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CJ Shearn

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Everything posted by CJ Shearn

  1. perhaps Kartoffel there is a connection that Redman has to Pat's playing here, but I'm thinking of certain stuff Josh plays on that record, like during his solo, phrasing out of late period Trane that has become a trade mark of Mike's playing as well: short of hoarse, ( I would imagine) false fingered lines that sorta sound like: "dugga dugga doo bee doo" etc.........
  2. I'll get "Spring" in a few weeks, I gotta cool the cash burning till my next check. I always say "one more", but that's never it ;-) I would agree that there should be more stuff released from "Tokyo Live", which I have a burn of since it's OOP and I missed my chance to get it, if a real copy turns up I'll grab one. I think the 80's quintet had promise, judging from "Tokyo Live", I really enjoy Bill Pierce's contributions to the record, his soprano sound is very fresh, very clarinet like to my ears. Another thing I might add about "Life Time" is that, the compositions are "real" as opposed to the young guys out today who have written tunes that sound like homework exercises on the records. That's one of the things I've paid attention to on the 2 Joshua Redman discs I have "Spirit of the Moment", and "Wish". A few things sound like what I described above with the Berklee mentality, but similarly there are traces of ideas wanting to get out. BTW, does anyone notice on "Wish" that maybe b/c of Pat Metheny's presence on the record, that Redman goes for a lot of Brecker licks?
  3. "Mode For Joe" is outstanding. I just got it in the mail today, first time hearing the date and I definitely agree with everyone re: "Carribean Fire Dance". I ordered "Our Thing" tonight in addition to "Unity" which I've been meaning to grab.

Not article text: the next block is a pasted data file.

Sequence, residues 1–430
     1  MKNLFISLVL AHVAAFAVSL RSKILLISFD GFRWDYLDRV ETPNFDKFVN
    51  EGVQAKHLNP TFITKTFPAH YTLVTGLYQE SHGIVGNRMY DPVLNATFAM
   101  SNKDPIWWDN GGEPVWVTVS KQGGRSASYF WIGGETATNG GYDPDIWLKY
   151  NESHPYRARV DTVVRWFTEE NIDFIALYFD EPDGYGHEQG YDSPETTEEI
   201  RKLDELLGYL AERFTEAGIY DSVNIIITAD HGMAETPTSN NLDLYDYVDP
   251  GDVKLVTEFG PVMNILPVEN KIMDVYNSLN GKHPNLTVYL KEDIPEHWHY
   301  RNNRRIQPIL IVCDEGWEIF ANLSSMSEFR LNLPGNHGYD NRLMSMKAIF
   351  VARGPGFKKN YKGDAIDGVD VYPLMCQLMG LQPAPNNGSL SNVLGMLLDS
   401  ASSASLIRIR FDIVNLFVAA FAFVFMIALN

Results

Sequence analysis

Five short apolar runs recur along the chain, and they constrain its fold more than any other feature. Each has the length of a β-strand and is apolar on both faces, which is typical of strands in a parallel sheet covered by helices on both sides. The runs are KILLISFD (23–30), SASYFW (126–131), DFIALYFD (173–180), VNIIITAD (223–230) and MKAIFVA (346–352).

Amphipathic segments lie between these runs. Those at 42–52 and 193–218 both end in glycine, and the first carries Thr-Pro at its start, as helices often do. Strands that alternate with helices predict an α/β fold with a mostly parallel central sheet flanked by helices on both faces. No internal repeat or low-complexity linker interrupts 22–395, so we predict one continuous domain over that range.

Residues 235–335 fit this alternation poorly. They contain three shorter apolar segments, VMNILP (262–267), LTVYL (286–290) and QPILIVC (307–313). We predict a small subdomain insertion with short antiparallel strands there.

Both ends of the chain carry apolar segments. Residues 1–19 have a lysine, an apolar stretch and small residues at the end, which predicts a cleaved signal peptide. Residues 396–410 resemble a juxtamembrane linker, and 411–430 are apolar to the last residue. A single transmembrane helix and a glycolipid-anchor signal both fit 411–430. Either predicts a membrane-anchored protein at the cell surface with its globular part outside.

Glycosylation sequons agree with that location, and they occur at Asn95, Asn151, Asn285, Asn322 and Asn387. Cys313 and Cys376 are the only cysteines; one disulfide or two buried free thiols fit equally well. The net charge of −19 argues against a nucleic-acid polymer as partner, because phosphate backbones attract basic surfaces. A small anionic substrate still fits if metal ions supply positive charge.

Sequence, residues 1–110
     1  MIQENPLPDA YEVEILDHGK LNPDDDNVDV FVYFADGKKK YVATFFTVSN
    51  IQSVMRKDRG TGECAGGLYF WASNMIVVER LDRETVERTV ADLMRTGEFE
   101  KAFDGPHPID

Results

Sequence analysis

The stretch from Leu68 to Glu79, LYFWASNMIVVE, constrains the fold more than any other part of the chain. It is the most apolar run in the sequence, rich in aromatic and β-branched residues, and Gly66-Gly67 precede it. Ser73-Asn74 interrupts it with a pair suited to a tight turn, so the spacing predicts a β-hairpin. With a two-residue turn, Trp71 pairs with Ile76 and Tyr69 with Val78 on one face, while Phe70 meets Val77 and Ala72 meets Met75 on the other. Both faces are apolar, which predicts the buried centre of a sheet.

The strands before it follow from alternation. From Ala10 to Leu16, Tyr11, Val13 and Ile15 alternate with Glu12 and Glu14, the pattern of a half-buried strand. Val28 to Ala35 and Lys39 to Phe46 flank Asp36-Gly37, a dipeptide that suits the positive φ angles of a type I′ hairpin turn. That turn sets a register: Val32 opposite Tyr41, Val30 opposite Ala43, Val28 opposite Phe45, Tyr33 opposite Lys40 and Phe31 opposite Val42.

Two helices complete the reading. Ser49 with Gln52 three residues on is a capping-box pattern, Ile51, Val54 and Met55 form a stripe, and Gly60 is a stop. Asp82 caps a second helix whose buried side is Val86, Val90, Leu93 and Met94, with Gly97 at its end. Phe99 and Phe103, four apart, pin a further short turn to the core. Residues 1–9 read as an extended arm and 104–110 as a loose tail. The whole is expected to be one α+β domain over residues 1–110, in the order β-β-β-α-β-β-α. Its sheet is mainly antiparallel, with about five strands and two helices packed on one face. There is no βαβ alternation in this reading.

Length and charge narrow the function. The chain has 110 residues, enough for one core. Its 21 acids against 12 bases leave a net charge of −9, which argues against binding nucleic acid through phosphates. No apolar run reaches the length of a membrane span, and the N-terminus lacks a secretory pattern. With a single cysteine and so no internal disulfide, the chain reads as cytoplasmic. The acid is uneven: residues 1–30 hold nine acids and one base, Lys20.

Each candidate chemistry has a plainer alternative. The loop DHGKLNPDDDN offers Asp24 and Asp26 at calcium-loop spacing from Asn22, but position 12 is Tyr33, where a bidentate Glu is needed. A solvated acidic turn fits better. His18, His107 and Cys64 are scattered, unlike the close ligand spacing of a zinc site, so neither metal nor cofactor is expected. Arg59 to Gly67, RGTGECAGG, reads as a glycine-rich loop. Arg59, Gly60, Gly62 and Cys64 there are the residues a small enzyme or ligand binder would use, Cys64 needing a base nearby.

4. I picked this up a few days ago, another purchase that was always meant to, but never got around to it till now, but first time I played this, it was a big shock (been through it twice now). A shock in a good way, Tony playing free stuff at 18 posessing this amazing fluency in that idiom, and good compositions to boot. I think "Memory" is the most challenging listen on the album, but what a good experience. Also RVG (as far as I can tell from my cheap little surround set up here in the dorm) did a very nice remastering job, the K's are very well defined.
  5. Joe, yes that tune is very weird. I just moved into my dorm again so it definitely tests the limits of the small surround speakers I have. What time sig is that in? sounds like 6 or 7 something to me. Live and Unreleased is my first WR purchase and I dig what I hear, gotta get the studio stuff and I decided to wait until I have more $$ to blow before getting "Live in Tokyo", probably till my next check.
  6. Jim, I picked up "Live and Unreleased" yesterday, I've heard a lot of stuff from seasoned WR fans that it is not considered to be their best, I think it's very nice, especially "Where the Moon Goes" and Jaco's feature. I think I may order Live in Tokyo in a few mins. CDUniverse has it for $21.89. Money that I need for school stuff, goin down the drain